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Ecumenical Patriarch Bartholomew and Pope John Paul II Sign Declaration on Protecting the Environment

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Jul 11, 2002

VENICE, Italy (AP) - Joined by a video link, Pope John Paul II and the spiritual leader of Orthodox Christians signed a declaration Monday stating that protecting the environment is a "moral and spiritual" duty.

Both the pope and Ecumenical Patriarch Bartholomew I, who was in Venice, have described the declaration as another step in helping bridge the nearly 1,000-year-old rift between the two ancient branches of Christianity.

The signing ended a five-day voyage by Bartholomew around the Adriatic Sea — from poverty-stricken Albania to prosperous Italy.

The frail 82-year-old pope remained at the Vatican and signed the document during a video link-up with Bartholomew at the Palazzo Ducale in Venice.

"We are ... concerned about the negative consequences for humanity and for all creation resulting from the degradation of some basic natural resources such as water, air and land, brought about by an economic and technological progress which does not recognize and take into account its limits," the document said.

"Christians and all other believers have a specific role to play in proclaiming moral values and in educating people in ecological awareness, which is none other than responsibility toward self, toward others, toward creation," the text said.

The text, which does not out outline any binding action, was the first the two religious leaders have signed concerning the environment. However, common declarations between the two are not unusual.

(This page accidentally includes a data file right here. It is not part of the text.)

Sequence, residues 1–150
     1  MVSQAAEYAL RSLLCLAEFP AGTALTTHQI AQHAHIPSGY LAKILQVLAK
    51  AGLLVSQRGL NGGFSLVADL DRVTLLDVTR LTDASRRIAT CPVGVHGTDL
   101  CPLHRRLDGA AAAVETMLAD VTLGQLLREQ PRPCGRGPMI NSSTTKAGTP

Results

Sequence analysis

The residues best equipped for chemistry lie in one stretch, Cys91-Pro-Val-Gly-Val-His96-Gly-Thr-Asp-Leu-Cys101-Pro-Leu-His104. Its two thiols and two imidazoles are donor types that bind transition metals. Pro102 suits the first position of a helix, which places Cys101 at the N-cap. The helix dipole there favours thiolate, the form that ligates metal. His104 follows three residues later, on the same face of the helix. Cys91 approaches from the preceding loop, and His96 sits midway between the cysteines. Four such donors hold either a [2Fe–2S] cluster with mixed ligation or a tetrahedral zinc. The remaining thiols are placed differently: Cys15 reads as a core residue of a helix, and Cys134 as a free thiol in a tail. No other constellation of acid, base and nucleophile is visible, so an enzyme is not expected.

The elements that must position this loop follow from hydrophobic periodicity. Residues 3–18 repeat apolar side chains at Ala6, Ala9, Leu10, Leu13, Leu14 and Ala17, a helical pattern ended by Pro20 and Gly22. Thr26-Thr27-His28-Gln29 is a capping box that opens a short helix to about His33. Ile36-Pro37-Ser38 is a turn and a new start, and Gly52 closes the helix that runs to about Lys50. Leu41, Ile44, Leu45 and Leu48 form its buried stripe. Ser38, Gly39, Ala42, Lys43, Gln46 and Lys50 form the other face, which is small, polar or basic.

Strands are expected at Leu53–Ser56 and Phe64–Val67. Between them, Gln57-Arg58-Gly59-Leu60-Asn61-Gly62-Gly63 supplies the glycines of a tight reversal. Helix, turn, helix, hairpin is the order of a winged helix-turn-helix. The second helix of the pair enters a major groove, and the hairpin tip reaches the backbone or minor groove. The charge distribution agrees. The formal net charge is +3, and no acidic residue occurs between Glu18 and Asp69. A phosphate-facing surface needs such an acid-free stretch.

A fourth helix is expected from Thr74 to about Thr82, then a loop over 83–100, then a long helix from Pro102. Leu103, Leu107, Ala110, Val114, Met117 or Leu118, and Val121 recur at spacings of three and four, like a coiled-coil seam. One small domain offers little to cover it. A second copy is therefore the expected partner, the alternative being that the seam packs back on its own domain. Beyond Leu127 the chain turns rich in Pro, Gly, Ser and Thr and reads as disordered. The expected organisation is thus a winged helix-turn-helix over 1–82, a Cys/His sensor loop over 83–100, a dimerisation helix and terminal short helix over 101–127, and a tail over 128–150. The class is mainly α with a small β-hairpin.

The declaration invites "all men and women of good will" to consider ethical goals in the protection of the environment.

About 250 religious figures, scientists and environmentalists joined the patriarch on the Adriatic trip — his fourth crusade to point out ecological problems. Other trips have taken him to the Aegean and Black Seas and down the Danube River.

The Adriatic faces pollution from raw sewage, herbicides, pesticides and industrial waste which flow into the 420-mile Mediterranean offshoot, surrounded by Italy and the Balkans.

Coastal habitats such as wetlands are gradually being destroyed. "This is a serious and increasing problem with the further development of tourism," said a statement from marine biologists who accompanied Bartholomew.

The conference said the main source of pollution in the Adriatic was the most prosperous nation in the region — Italy.

Apart from pollution flowing from the Po River, a large petrochemical industry near Venice has contaminated seafood and there is no adequate monitoring program for the developing oil industry along the Italian coast, the scientists said.

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